Archeological evidence of an animal-drawn plough dates back to 2500 BCE in the Indus Valley Civilization.[15] The earliest available swords of copper discovered from the Harappan sites date back to 2300 BCE.[16] Swords have been recovered in archaeological findings throughout the Ganges–JamunaDoab region of India, consisting of bronze but more commonly copper.[16]

Early kingdoms[edit]

The religious texts of the Vedic Period provide evidence for the use of large numbers.[20] By the time of the last Veda, the Yajurvedasaṃhitā (1200-900 BCE), numbers as high as were being included in the texts.[20] For example, the mantra (sacrificial formula) at the end of the annahoma ("food-oblation rite") performed during the aśvamedha ("an allegory for a horse sacrifice"), and uttered just before-, during-, and just after sunrise, invokes powers of ten from a hundred to a trillion.[20] The Satapatha Brahmana (9th century BCE) contains rules for ritual geometric constructions that are similar to the Sulba Sutras.[21]

Baudhayana (c. 8th century BCE) composed the Baudhayana Sulba Sutra, which contains examples of simple Pythagorean triples, such as: , , , , and [22] as well as a statement of the Pythagorean theorem for the sides of a square: "The rope which is stretched across the diagonal of a square produces an area double the size of the original square."[22] It also contains the general statement of the Pythagorean theorem (for the sides of a rectangle): "The rope stretched along the length of the diagonal of a rectangle makes an area which the vertical and horizontal sides make together."[22] Baudhayana gives a formula for the square root of two.[23] Mesopotamian influence at this stage is considered likely.[24]


The earliest Indian astronomical text—named Vedānga Jyotiṣa— attributed to Lagadha, is considered one of the oldest astronomical texts, dating from 1400–1200 BCE (with the extant form possibly from 700–600 BCE),[25] it details several astronomical attributes generally applied for timing social and religious events. It also details astronomical calculations, calendrical studies, and establishes rules for empirical observation.[26] Since the Vedānga Jyotiṣa is a religious text, it has connections with Indian astrology and details several important aspects of the time and seasons, including lunar months, solar months, and their adjustment by a lunar leap month of Adhikamāsa.[27]Ritus and Yugas are also described.[27] Tripathi (2008) holds that "Twenty-seven constellations, eclipses, seven planets, and twelve signs of the zodiac were also known at that time."[27]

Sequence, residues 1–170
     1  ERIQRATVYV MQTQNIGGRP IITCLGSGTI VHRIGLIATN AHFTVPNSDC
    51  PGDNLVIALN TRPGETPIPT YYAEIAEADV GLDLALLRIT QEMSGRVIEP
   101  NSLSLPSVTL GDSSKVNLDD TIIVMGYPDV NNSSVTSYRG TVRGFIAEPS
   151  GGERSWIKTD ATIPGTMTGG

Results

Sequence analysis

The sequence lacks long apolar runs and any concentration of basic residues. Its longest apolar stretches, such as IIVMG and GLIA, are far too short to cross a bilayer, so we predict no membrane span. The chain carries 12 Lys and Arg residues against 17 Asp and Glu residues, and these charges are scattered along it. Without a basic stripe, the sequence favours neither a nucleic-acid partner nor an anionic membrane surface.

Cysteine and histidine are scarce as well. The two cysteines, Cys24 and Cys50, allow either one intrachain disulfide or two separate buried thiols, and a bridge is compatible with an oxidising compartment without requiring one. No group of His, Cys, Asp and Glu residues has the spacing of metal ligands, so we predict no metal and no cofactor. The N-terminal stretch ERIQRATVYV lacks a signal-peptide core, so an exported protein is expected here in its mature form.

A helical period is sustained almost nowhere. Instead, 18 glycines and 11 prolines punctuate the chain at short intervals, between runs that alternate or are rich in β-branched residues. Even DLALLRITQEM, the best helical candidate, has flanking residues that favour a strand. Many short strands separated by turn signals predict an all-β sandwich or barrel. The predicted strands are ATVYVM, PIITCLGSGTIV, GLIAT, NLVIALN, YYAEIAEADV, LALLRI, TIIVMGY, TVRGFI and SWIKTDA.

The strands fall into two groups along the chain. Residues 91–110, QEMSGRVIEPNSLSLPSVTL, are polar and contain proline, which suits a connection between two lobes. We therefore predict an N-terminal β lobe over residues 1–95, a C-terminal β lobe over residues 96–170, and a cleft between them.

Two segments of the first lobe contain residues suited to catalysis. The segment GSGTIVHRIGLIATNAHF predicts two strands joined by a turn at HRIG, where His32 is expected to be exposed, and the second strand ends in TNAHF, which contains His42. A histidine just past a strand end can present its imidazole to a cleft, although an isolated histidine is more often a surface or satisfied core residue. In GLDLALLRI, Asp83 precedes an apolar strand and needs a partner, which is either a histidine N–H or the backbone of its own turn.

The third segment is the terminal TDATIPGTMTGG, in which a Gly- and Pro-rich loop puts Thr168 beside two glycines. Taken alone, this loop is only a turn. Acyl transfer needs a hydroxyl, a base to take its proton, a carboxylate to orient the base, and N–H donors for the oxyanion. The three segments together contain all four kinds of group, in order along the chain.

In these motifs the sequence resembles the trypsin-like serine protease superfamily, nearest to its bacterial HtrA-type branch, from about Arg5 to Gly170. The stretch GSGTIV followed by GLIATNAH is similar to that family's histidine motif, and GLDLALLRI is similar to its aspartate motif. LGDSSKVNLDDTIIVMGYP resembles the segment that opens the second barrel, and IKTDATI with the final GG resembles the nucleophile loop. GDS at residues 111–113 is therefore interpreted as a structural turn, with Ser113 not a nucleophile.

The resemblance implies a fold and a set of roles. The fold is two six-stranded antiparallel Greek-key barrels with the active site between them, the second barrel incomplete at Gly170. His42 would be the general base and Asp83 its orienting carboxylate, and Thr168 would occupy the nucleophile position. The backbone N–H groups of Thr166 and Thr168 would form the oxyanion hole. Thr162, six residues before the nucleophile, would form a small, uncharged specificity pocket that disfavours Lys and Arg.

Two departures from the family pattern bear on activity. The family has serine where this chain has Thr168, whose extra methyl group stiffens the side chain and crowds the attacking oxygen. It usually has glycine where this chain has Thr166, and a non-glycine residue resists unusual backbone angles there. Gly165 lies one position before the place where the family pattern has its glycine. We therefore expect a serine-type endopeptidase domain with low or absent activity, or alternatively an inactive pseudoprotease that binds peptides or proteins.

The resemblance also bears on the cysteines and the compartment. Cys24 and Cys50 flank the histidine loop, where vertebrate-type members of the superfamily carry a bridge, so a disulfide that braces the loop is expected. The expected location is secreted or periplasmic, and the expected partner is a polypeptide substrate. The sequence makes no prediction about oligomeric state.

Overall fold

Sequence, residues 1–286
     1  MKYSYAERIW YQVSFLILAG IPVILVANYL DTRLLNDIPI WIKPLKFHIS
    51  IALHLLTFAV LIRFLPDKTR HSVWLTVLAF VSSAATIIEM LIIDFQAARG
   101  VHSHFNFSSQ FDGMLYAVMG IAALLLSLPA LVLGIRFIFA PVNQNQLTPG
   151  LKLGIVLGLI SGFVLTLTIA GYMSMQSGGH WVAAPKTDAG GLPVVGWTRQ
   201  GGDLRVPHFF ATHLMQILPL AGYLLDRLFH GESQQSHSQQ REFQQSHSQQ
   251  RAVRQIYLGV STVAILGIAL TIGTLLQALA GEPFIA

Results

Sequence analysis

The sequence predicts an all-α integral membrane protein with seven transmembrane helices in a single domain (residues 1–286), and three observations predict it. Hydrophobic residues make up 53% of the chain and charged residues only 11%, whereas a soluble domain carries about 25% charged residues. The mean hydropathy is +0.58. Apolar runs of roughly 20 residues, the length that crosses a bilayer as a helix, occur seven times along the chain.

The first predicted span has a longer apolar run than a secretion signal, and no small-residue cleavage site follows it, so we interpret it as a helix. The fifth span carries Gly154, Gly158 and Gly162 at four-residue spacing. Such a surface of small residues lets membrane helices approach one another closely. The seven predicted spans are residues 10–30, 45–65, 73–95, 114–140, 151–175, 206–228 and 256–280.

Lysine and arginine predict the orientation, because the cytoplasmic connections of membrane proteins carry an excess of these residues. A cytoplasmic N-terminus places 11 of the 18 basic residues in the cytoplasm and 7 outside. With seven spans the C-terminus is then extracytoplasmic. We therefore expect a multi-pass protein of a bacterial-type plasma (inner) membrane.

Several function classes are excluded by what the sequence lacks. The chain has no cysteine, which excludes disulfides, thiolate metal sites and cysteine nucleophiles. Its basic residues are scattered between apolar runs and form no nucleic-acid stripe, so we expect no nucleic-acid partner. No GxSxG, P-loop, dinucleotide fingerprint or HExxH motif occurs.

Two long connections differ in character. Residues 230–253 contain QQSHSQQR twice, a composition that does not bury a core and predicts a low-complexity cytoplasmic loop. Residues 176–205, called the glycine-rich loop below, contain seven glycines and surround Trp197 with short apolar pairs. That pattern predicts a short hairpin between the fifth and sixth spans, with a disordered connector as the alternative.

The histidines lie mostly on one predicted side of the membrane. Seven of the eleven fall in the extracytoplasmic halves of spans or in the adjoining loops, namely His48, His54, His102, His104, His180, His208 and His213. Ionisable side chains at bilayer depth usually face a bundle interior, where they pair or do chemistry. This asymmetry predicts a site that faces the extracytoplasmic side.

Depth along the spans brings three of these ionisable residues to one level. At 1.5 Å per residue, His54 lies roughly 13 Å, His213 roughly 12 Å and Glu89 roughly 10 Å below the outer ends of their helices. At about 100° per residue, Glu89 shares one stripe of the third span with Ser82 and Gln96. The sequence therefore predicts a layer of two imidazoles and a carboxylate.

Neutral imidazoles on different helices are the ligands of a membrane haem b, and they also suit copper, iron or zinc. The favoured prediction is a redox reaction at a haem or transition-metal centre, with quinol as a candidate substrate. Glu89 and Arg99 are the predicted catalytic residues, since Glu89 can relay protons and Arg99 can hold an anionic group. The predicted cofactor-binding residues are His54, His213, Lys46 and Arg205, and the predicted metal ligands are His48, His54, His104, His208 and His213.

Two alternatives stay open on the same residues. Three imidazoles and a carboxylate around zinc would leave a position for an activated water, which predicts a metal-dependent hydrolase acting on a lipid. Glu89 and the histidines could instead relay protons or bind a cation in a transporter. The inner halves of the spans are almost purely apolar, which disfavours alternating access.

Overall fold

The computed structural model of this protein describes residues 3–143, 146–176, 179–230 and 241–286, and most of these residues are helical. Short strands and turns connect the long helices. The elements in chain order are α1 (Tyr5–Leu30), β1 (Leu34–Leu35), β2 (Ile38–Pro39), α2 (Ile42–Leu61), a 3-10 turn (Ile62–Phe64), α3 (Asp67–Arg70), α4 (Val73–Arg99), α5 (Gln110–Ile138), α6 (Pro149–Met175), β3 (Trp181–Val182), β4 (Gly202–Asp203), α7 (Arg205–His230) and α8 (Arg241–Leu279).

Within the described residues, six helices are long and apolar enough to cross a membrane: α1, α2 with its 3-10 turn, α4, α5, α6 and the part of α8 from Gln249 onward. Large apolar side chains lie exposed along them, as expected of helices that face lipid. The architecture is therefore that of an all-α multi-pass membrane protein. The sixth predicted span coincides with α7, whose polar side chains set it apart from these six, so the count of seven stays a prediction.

The EgyptianPapyrus of Kahun (1900 BCE) and literature of the Vedic period in India offer early records of veterinary medicine.[28] Kearns & Nash (2008) state that mention of leprosy is described in the medical treatise Sushruta Samhita (6th century BCE). The Sushruta Samhita an Ayurvedic text contains 184 chapters and description of 1120 illnesses, 700 medicinal plants, a detailed study on Anatomy, 64 preparations from mineral sources and 57 preparations based on animal sources.[29][30] However, The Oxford Illustrated Companion to Medicine holds that the mention of leprosy, as well as ritualistic cures for it, were described in the Hindu religious book Atharva-veda, written in 1500–1200 BCE.[31]

Cataract surgery was known to the physician Sushruta (6th century BCE).[32] Traditional cataract surgery was performed with a special tool called the Jabamukhi Salaka, a curved needle used to loosen the lens and push the cataract out of the field of vision.[32] The eye would later be soaked with warm butter and then bandaged.[32] Though this method was successful, Susruta cautioned that it should only be used when necessary.[32] The removal of cataract by surgery was also introduced into China from India.[33]